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What is Industrial Hygiene?

The Occupational Safety and Health Administration (OSHA) defines Industrial hygiene as “that science and art devoted to the anticipation, recognition, evaluation and control of those environmental factors or stresses arising in or from the workplace, which may cause sickness, impaired health and well-being or significant discomfort among workers or among the citizens of the community.”  Industrial hygienists use environmental monitoring and analytical methods to detect the extent of worker exposure and employ engineering, work practice controls and other methods to control potential health hazards.


Under the OSH Act, OSHA develops and sets mandatory occupational safety and health requirements applicable to the more than six million workplaces in the U.S. OSHA relies on industrial hygienists to evaluate jobs for potential health hazards. Developing and setting mandatory occupational safety and health standards involves determining the extent of employee exposure to hazards and deciding what is needed to control these hazards to protect workers. Industrial hygienists are trained to anticipate, recognize, evaluate and recommend controls for environmental and physical hazards that can affect the health and well-being of workers.


A worksite analysis is an essential first step that helps an industrial hygienist determine what jobs and workstations are the sources of potential problems. During the worksite analysis, the industrial hygienist measures and identifies exposures and risks. The most effective worksite analyses include all jobs, operations and work activities. The industrial hygienist inspects, researches or analyzes how particular chemicals or physical hazards at that worksite affect worker health. If a situation hazardous to health is discovered, the industrial hygienist recommends the appropriate corrective actions.


Industrial hygienists recognize that engineering controls, work practice and administrative controls are the primary means of reducing employee exposure to occupational hazards.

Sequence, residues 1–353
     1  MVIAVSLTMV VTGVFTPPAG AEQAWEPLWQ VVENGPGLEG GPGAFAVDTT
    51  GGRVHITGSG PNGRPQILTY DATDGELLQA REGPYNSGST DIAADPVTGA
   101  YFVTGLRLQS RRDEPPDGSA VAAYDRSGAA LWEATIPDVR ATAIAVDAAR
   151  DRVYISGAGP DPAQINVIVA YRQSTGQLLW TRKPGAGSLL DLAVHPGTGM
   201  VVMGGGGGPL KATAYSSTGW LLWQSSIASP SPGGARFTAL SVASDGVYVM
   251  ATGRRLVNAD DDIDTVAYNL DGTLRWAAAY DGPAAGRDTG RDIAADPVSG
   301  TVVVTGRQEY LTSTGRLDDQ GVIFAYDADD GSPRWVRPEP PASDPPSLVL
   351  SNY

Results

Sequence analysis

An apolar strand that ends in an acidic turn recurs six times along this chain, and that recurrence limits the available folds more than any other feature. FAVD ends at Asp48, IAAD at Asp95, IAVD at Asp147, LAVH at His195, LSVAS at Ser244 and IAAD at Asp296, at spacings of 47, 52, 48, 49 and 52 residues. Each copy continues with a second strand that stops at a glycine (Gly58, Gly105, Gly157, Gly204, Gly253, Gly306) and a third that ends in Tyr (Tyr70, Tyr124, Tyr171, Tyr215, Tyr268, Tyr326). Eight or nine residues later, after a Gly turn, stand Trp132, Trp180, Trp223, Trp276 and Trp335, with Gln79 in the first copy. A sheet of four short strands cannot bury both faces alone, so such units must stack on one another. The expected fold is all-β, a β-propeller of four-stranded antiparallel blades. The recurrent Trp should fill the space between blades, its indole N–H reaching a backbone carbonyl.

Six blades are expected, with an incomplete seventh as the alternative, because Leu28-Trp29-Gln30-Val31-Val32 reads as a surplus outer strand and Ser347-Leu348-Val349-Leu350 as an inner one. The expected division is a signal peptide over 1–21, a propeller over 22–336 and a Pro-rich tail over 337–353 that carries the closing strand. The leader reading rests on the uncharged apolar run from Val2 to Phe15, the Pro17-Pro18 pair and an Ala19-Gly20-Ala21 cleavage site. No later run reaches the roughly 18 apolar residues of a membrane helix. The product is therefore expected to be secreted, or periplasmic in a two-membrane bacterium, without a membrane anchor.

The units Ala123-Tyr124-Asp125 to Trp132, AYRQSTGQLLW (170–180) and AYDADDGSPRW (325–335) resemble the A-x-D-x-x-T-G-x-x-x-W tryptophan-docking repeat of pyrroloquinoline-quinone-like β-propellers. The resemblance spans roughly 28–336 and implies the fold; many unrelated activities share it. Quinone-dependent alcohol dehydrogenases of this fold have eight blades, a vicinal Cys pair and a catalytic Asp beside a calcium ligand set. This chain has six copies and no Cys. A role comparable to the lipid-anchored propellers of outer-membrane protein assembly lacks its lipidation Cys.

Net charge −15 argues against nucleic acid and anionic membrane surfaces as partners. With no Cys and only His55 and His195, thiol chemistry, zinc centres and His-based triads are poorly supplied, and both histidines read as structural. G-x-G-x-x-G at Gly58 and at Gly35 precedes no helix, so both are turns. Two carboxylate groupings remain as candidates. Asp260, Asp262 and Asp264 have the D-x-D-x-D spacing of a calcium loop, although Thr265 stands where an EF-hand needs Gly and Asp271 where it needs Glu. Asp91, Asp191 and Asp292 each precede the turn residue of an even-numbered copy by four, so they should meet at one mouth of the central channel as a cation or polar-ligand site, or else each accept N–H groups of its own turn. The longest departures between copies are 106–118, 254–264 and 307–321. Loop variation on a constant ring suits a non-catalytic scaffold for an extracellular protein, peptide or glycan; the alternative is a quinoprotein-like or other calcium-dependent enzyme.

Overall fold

• Engineering controls minimize employee exposure by either reducing or removing the hazard at the source or isolating the worker from the hazard. Engineering controls include eliminating toxic chemicals and substituting non-toxic chemicals, enclosing work processes or confining work operations and the installation of general and local ventilation systems.
  • Work practice controls alter how a job task is performed. Some fundamental and easily implemented work practice controls include:
    • Changing existing work practices to follow proper procedures that minimize exposures while operating production and control equipment.
    • Inspecting and maintaining process and control equipment on a regular basis.
    • Implementing good housekeeping procedures.
    • Providing good supervision.
    • Mandating that eating, drinking, smoking, chewing tobacco or gum and applying cosmetics in regulated areas be prohibited.
  • Administrative controls include controlling employees’ exposure by scheduling production and tasks, or both, in ways that minimize exposure levels. For example, the employer might schedule operations with the highest exposure potential during periods when the fewest employees are present.
  • When effective work practices or engineering controls are not feasible or while such controls are being instituted, appropriate personal protective equipment must be used. Examples of personal protective equipment are gloves, safety goggles, helmets, safety shoes, protective clothing and respirators. To be effective, personal protective equipment must be individually selected, properly fitted and periodically refitted; conscientiously and properly worn; regularly maintained; and replaced, as necessary.


To be effective in recognizing and evaluating on-the-job hazards and recommending controls, industrial hygienists must be familiar with the hazard’s characteristics. Potential hazards can include air contaminants, and chemical, biological, physical and ergonomic hazards.